Jesse H.
(tacedeous) - MLife

Locale: East Bay, CA
wow, thought I was gonna get flamed there... :) on 05/12/2009 00:48:11 MDT Print View

I knew I wasn't the only one :) to second another poster, I too am a medical marijuana patient, and its lucid side effects are very nice on the trail...

I also can dig what another person said about music or drum circles... (although I'd be checkin' out that circle, LOL) but if i was that bothered, well id pack up and keep movin :) thats the beauty of backpacking isn't it?

Laurie Ann March
(Laurie_Ann) - F

Locale: Ontario, Canada
smoking on 05/12/2009 07:23:39 MDT Print View

I guess I am pretty anti-smoking. I didn't read the rest of the posts but I will after I write this.

I come from a whole family of smokers. I am now watching my Mom's failing health because of smoking. She eventually quit at age 75 when her breathing was so bad that she couldn't puff on a cigarette anymore. The fact she quit is astounding but now I watch my little boy with her and how worried he is about his Grandma. She gasps for air as she sits. Walking the 20 feet to the bathroom is like a marathon for her. She can barely talk to her grandson on the phone.

Then there are my two remaining siblings, Margaret and Dan. Both have had heart attacks and the doctors have told them both that if they don't stop smoking they will have another. Do they stop? No.

I had bronchitis most of my childhood because of being in car with smokers.

I've never tried it (not even once) but I think it's a selfish habit that should be made illegal. I don't mean to offend but I am heartbroken when I hear my little boy say "I think Grandma won't be here next time Mom". Smoking makes me angry.

Smoking is inconsiderate in ways that people don't consider. Aside from second hand smoke being disgusting and harmful... what about your loved ones? Don't you think they'd like to have you around a little longer and with better health?

Anyway enough of the lecture - it's merely my point of view and I don't mean to be offensive - it's just that watching my mother dying from this preventable thing is upsetting.

Rick Cheehy
(kilgoretrout2317) - F

Locale: Virginia
Smoking on 05/12/2009 07:44:33 MDT Print View

Me and the Mrs. both quit about a year ago. I used the patch for the first 2 days while at work (I work at a busy coffee house at 4am and I didn't want any soccer mom blood on my hands) my wife quit 2 weeks later while on the trail. The first 3 days are the worst from a physical withdrawal standpoint, mental stimulus and physical exertion help with withdrawal so hiking helps. Being a non-smoker rocks 95% of the time but every once in a while on man I wanna sick a cuben in that primus stove or pull a hooka or a pack of winstons out of my pack and smoke up! But I don't I'm a good boy. But I will say I'm pretty sure I'll never get glaucoma if you know what I mean...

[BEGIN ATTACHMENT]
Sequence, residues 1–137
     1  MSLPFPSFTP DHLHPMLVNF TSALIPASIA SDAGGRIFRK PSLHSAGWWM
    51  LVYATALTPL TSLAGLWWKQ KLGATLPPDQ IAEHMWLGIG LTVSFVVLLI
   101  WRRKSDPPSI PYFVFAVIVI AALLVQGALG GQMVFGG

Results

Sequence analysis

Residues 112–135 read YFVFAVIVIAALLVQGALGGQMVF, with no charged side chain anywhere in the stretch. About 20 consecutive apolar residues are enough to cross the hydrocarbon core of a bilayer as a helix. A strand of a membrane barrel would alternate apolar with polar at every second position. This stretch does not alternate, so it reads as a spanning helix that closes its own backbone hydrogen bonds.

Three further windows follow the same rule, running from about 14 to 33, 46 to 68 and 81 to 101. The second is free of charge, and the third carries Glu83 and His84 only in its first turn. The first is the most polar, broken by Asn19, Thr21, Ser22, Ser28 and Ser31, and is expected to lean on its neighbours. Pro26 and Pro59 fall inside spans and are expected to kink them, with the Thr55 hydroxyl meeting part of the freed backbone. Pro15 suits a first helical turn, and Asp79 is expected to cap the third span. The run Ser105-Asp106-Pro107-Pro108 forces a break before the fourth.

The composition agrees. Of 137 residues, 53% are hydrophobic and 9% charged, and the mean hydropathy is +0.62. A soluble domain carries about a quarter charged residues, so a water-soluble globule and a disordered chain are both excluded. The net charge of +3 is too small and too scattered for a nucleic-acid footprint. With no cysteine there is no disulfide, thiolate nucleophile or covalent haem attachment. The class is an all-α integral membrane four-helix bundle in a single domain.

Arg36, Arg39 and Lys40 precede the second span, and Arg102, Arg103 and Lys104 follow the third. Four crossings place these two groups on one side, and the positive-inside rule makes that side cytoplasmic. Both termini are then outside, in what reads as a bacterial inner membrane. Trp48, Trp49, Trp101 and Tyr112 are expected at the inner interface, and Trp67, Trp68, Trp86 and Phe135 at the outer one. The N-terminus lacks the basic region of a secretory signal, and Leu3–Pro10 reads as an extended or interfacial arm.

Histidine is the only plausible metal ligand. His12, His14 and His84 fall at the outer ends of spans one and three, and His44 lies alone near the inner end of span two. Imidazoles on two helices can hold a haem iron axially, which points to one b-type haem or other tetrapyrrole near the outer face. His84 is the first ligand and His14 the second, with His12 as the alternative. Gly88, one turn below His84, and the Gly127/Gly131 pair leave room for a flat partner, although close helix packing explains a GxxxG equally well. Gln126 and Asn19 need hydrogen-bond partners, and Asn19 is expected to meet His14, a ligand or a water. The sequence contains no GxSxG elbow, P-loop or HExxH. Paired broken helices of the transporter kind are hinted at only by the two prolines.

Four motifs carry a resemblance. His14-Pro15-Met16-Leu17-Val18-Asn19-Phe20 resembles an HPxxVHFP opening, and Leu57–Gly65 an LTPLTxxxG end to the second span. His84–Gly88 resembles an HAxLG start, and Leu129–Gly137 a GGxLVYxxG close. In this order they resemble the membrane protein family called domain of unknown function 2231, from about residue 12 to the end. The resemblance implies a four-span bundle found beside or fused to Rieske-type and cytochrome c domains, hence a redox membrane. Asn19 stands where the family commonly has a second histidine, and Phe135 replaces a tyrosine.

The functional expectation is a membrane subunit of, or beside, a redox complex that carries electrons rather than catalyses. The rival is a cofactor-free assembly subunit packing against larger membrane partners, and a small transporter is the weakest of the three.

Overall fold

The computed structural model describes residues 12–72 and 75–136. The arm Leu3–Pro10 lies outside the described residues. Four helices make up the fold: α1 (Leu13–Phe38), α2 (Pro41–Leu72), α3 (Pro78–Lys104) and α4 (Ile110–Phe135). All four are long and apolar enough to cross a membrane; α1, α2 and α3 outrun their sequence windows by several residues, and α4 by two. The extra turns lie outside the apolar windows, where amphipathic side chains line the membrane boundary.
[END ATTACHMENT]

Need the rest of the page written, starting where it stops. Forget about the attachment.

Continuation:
Tom Kirchner
(ouzel) - MLife

Locale: Pacific Northwest/Sierra
Re: smoking on 05/12/2009 17:46:06 MDT Print View

"Smoking is inconsiderate in ways that people don't consider. Aside from second hand smoke being disgusting and harmful... what about your loved ones? Don't you think they'd like to have you around a little longer and with better health?"

So true, Laurie. My Dad smoked all his life and ended up dying from the complications of emphysema. It was a long, slow, miserable process that exacted a terrible toll on my Mom, and on my brother and me when we were home. He came to realize this toward the end but, by then, it was far too late. My sympathy to you and yours.

Jesse Glover
(hellbillylarry) - F

Locale: southern appalachians
Re: smoking on 05/13/2009 05:46:36 MDT Print View

Man there are so many things to worry about other than what other people do. If someone is getting on your nerves then keep hiking.

Sharon Bingham
(cowboisgirl) - F - MLife

Locale: Southwest
Re: "Smoking and hiking..." on 05/13/2009 10:07:01 MDT Print View

I've been smoking lightly for 3 years now. I was in denial about that for a long time - considered myself a social smoker...

But I wanted to stop altogether for my 30th birthday. It's the alcohol that gets me - if I have a few beers, the cigarettes call...

It doesn't help that my bf smokes. In fact - I probably would have quit already - I can go all week without smoking, and then we get together on the weekend, and he smokes around me and I'm done.

BUT, back to the OP question. My bf has been smoking for 13 years (since he was 17). He's tried to quite several times. Tried a pill, patches, gum, you-name-it. Nothing has worked. He's done his research - apparently, ifyou can make it the first 48, the craving for it is much easier to handle after that...

We are both enrolled in the WT1-SBP course for late this summer. No tobacco products are allowed.

And walking to the top of a small hill really winds me when it never did before.

He wants to quit, and I want to quit. And backpacking/hiking is definitely providing and incentive. Whether or not it will be enough of one to have sticking power is another matter. I think it will be for me. I don't know if it will be for him.